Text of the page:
Friday, August 28, 2009

The Bill and Hold Stimulus

by the Sandwichman
WASHINGTON (AP) -- Consumer spending edged up in July with help from the popular Cash for Clunkers program, but household incomes, the fuel for future spending increases, were flat.

The slight rise in spending reflected a 1.3 percent jump in purchases of durable goods such as cars, a gain propelled by the clunkers program that started at the end of July. Purchases of nondurable goods such as clothing actually fell 0.3 percent last month.
"Bill and hold" is designed to shift sales from future quarters to current ones. It's O.K. when the government does it... Actually, it is perfectly legal for private companies, too. It's just that the consequences can catch up to you.

Some participants in the Cash for Clunkers and First Time Homebuyers Credit programs are people who would have bought cars or house now anyway. Another portion are people who otherwise wouldn't have bought. But how many sales have simply been brought forward to boost current sales at the expense of future sales?

At Sunbeam, "Chainsaw Al" Dunlop sold a lot of electric blankets in the summer of 1997 and outdoor grills in the fall. But in the first quarter of 1998 Sunbeam lost $44.6 million. On June 13, the Sunbeam directors fired Chainsaw Al, "the worst CEO of all time." From Business Week July 6, 1998:
It didn't take long for alarm bells to sound. After the company reported its results in the second quarter of 1997, Shore says he began "getting pangs in my stomach." The numbers showed that Dunlap was building what Shore considered abnormally high inventory levels and accounts receivable. His trade contacts confirmed his suspicions that Sunbeam was giving lucrative terms to dealers to ship products aggressively.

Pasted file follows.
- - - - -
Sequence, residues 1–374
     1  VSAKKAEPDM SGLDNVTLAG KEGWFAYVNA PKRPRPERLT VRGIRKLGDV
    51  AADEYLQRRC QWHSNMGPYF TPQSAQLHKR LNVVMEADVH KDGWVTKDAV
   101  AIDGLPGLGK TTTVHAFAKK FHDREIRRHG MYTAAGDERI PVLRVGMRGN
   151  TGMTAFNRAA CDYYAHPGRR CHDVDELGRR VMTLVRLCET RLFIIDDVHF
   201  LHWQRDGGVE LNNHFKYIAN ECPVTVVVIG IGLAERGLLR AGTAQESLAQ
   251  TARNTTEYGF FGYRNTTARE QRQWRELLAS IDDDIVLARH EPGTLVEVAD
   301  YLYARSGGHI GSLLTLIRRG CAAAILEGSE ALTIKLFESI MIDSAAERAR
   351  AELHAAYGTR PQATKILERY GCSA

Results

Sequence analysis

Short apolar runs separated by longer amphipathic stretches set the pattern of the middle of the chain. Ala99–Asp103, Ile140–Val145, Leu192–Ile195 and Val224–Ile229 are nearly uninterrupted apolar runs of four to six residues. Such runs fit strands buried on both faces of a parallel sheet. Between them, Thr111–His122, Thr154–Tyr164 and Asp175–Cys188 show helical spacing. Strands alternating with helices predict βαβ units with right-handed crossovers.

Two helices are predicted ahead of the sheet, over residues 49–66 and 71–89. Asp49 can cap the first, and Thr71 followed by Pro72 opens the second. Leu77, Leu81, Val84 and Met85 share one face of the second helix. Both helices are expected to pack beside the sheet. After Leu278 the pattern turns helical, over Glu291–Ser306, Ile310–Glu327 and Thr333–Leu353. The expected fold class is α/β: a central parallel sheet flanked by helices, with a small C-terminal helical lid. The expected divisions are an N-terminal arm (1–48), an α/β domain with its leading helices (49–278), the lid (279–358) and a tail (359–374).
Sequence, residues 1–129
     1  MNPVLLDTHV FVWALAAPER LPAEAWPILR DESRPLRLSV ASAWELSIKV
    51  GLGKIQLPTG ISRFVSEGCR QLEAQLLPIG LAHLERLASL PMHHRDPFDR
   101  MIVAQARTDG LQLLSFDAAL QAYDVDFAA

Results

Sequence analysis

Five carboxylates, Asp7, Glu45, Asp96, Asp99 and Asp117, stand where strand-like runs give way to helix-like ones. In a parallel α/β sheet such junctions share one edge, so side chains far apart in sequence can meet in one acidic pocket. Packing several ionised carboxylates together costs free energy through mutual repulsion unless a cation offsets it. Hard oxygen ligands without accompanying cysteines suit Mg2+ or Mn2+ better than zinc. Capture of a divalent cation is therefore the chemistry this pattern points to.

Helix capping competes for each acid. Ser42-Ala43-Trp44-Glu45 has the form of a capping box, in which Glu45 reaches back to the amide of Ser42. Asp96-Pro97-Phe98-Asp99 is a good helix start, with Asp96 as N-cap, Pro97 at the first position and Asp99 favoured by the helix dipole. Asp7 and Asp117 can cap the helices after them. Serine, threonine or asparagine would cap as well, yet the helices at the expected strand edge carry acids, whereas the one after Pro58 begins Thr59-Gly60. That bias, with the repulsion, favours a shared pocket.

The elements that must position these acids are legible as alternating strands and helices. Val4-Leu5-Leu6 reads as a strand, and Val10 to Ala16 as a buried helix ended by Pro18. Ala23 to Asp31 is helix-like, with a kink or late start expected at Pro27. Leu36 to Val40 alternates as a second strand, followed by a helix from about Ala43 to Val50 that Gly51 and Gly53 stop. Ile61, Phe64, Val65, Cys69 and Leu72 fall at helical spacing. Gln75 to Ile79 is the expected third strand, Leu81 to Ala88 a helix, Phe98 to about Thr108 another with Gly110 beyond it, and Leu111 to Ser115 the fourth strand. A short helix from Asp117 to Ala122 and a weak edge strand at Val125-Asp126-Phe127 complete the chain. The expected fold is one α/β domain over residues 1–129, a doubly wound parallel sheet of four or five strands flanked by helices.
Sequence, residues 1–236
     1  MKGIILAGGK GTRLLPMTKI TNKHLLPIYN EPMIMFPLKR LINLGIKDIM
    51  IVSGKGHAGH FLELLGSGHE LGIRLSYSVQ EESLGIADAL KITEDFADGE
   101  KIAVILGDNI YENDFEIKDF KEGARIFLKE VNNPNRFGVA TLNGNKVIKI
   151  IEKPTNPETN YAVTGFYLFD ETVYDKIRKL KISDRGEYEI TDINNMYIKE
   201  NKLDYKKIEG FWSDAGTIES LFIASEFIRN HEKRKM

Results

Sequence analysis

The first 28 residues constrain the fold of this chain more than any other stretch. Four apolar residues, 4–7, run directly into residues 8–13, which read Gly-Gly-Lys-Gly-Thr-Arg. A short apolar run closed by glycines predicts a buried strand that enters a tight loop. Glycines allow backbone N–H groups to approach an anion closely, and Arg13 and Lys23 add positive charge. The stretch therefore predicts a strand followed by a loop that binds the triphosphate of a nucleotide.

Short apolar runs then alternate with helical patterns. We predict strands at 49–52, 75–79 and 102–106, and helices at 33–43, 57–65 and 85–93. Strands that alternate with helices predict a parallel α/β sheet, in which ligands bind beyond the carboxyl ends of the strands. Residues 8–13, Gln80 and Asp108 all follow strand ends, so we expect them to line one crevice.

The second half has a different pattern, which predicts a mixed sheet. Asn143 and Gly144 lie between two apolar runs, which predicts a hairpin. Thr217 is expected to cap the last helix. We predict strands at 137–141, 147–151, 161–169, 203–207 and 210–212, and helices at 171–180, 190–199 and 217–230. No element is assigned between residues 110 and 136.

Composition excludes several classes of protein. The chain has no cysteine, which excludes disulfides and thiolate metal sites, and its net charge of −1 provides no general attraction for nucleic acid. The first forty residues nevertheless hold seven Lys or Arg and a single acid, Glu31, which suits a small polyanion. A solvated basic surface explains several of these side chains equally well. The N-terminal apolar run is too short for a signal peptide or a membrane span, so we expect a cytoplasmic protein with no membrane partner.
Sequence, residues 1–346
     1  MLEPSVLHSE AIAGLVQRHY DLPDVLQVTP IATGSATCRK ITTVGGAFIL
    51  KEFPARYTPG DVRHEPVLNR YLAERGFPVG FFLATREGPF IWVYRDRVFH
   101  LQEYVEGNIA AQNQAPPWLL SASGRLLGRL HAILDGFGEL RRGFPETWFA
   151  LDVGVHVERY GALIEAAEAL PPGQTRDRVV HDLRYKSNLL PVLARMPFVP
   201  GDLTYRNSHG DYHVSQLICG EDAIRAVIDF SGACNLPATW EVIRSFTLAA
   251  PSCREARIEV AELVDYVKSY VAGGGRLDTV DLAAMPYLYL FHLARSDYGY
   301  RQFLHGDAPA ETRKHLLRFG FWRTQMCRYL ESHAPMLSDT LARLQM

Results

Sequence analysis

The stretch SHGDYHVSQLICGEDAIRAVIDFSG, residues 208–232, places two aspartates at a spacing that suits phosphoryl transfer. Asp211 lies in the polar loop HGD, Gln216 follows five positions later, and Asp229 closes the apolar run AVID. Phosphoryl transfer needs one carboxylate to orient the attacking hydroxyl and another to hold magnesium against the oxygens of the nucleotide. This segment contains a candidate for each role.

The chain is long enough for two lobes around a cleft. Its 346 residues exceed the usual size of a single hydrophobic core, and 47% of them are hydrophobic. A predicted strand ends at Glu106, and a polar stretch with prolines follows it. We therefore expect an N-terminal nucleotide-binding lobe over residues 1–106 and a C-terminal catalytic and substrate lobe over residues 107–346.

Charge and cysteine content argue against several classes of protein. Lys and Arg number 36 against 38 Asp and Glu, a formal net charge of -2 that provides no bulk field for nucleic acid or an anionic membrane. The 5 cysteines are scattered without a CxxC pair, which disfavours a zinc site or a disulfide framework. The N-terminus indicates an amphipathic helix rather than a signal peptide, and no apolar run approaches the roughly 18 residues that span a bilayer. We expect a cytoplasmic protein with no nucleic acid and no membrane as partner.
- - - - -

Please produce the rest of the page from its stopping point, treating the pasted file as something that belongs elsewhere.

"BILL AND HOLD." "I said to myself: 'Let's play the game a little longer,"' remembers Shore. "No one [had] soured on him yet. Very few picked it up, only the smart shorts at the hedge funds. I thought it would take several more quarters to play out." Shore alerted his clients to the warning signs but continued to recommend the stock because he thought investors would keep bidding it up.

He was right. Sunbeam's shares kept climbing, even though the company's third-quarter results created even greater cause for concern. Shore noted in one of his reports that there were massive increases in sales of electric blankets, usually a fourth-quarter phenomenon. Then, in the fourth quarter of 1997, he was alarmed by enormous increases in sales of grills, at a time when virtually no one buys those products. Still, Shore says, "I didn't think the story was over just yet. The market hadn't caught it."

Although unknown at the time, Dunlap was aggressively trying to push out more and more product. As the company later acknowledged, he began to engage in so-called "bill and hold" deals with retailers in which Sunbeam products were purchased at large discounts and then held at third-party warehouses for delivery later. By booking these sales before the goods were delivered, Dunlap helped boost Sunbeam's revenues by 18% in 1997 alone. In effect, he was shifting sales from future quarters to current ones. The approach was not illegal, but the extraordinary volume made it unusual. Dunlap defended the practice, saying that it was an effort to extend the selling season and better meet surges in demand. Sunbeam's auditors, Arthur Andersen & Co., later insisted it met accounting standards.

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